Study reports dramatic increase in highly contagious fungal infection
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The new research reports that cases of a highly contagious fungal infection have risen by 95 percent in 2021. Labelled as an “urgent threat”, the infection can trigger a range of problems, varying from bloodstream to wound infections. The researchers believe that pandemic-related strain on the health care and public health systems could have exacerbated this dramatic spread.
As their name suggests, fungal infections are triggered by fungus – think yeast or mould.
These types of infections most commonly appear on your skin and nails, but they can also crop up in your mouth, throat, lungs, and many other parts of your body.
Now, a highly contagious fungal infection that can travel to your bloodstream has been reported to spread dramatically.
The infection in question is known as Candida auris, which often doesn’t respond to commonly used antifungal drugs, making it difficult to treat.
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Published in the journal of Annals of Internal Medicine, a study of national surveillance data found that cases of Candida auris rose drastically between 2019 and 2021, reflecting increased transmission.
Worryingly, the research team also noticed an increase in treatment-resistant cases.
This is particularly concerning because echinocandins, which are the first-line therapy for invasive Candida infections, including C auris, haven’t worked in all cases.
These findings stress that improved detection and infection control practices are urgently needed to prevent the spread of C auris.
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Since its first appearance in the United States in 2016, the emerging fungus has continued to cause illness and death nationwide.
The Centers for Disease Control and Prevention (CDC) dubbed C auris as an “urgent threat”.
It explained that the fungus is often multidrug-resistant; spreads easily in health care facilities; and can cause severe, invasive infections with high mortality rates.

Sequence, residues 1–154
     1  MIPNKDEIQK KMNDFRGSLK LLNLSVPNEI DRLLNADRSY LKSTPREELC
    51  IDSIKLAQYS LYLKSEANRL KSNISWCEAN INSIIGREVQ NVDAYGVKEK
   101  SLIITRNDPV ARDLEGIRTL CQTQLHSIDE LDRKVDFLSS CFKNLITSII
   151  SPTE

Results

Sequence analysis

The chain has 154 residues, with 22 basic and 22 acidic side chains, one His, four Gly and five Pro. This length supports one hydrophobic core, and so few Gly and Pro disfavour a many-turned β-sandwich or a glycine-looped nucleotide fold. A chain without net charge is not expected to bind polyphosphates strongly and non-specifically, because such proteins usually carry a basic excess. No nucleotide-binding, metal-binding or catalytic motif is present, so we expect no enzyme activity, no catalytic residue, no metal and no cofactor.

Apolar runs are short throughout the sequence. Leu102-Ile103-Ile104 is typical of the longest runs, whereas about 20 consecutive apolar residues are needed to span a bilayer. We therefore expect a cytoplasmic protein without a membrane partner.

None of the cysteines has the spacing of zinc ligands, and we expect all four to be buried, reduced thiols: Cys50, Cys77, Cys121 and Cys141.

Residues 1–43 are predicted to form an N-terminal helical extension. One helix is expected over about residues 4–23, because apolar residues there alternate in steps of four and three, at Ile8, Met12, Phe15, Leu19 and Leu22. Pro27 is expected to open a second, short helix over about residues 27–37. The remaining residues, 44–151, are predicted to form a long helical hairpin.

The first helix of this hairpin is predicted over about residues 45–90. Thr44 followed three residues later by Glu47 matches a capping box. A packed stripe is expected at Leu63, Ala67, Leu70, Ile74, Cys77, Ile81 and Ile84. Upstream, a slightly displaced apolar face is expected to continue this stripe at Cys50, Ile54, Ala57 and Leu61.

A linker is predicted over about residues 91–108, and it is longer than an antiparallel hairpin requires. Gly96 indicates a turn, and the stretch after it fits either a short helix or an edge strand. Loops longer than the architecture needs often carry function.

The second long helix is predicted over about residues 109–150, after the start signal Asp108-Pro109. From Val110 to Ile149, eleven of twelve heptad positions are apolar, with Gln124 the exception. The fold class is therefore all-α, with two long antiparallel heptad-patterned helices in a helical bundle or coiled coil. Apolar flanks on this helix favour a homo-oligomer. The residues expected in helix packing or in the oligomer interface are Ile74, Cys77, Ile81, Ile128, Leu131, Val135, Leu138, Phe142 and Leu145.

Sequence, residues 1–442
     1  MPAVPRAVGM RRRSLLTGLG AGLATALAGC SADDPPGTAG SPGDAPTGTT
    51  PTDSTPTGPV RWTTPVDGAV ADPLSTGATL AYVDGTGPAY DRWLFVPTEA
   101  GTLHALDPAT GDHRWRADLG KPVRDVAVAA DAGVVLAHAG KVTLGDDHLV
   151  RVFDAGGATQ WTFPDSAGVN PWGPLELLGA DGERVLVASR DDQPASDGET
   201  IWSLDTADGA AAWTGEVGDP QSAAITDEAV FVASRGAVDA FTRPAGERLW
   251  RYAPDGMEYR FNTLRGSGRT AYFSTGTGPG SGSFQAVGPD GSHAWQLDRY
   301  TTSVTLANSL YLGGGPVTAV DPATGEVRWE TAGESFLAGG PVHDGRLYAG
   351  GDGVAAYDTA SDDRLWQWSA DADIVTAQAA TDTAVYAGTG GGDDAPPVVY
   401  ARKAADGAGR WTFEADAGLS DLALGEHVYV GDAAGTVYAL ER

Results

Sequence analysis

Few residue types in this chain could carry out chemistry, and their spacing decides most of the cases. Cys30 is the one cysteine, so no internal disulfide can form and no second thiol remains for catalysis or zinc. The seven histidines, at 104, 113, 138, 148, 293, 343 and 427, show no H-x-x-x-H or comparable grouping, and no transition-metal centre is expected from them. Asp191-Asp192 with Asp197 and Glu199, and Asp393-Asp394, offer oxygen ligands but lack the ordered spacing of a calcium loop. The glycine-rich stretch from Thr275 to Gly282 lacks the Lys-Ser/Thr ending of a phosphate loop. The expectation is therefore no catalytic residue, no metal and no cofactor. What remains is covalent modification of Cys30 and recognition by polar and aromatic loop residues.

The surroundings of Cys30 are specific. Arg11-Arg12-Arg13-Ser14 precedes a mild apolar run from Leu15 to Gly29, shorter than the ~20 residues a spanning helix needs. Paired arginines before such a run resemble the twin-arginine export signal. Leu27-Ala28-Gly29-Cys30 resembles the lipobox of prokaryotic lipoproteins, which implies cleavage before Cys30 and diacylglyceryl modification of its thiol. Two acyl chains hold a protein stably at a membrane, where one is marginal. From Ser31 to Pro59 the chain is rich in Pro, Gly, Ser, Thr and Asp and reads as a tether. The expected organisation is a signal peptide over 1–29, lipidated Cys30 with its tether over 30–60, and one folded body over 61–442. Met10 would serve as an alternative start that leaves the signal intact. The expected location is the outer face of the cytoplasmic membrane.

Most transmission occurs in healthcare facilities, especially among residents of long-term care facilities or among patients with tubes that go into their body (such as breathing tubes, feeding tubes, and central venous catheters).
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While the majority of cases crop up in these settings, limited data suggests that risk factors could also include recent surgery, diabetes, broad-spectrum antibiotic and antifungal use.
The new study used national surveillance data on clinical screening of C auris cases reported to state and local health departments.
They also examined data from CDC’s Antimicrobial Resistance Laboratory Network (AR Lab Network).
Their findings showed that clinical cases soared each year, from a 44 percent increase in 2019 to a 95 percent increase in 2021.
The team also reported that colonisation screening volume and screening cases increased in 2021 by more than 80 percent and more than 200 percent, respectively.
Furthermore, the number of first-line-treatment resistant cases was about three times higher in 2021 that in each of the previous two years.
The researchers think the timing of this spread coincides with the Covid pandemic.
They explained that the strain from coronavirus on healthcare, including staff and equipment shortages, increased patient burden and disease severity, increased antimicrobial use, changes in patient movement patterns, and poor implementation of non–COVID-19 IPC measures, could have exacerbated this spread.
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